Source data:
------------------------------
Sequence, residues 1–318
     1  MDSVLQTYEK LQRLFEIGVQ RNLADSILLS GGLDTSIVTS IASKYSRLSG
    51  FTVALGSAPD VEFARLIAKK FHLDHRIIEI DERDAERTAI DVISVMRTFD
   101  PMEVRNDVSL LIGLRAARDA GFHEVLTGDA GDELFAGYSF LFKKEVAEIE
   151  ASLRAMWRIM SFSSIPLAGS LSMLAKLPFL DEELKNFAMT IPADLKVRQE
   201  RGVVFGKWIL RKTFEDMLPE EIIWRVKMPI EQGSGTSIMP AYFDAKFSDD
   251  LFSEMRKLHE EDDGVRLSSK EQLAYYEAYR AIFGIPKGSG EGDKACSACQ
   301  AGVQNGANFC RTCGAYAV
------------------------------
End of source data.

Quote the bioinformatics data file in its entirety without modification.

Sequence, residues 1–318
     1  MDSVLQTYEK LQRLFEIGVQ RNLADSILLS GGLDTSIVTS IASKYSRLSG
    51  FTVALGSAPD VEFARLIAKK FHLDHRIIEI DERDAERTAI DVISVMRTFD
   101  PMEVRNDVSL LIGLRAARDA GFHEVLTGDA GDELFAGYSF LFKKEVAEIE
   151  ASLRAMWRIM SFSSIPLAGS LSMLAKLPFL DEELKNFAMT IPADLKVRQE
   201  RGVVFGKWIL RKTFEDMLPE EIIWRVKMPI EQGSGTSIMP AYFDAKFSDD
   251  LFSEMRKLHE EDDGVRLSSK EQLAYYEAYR AIFGIPKGSG EGDKACSACQ
   301  AGVQNGANFC RTCGAYAV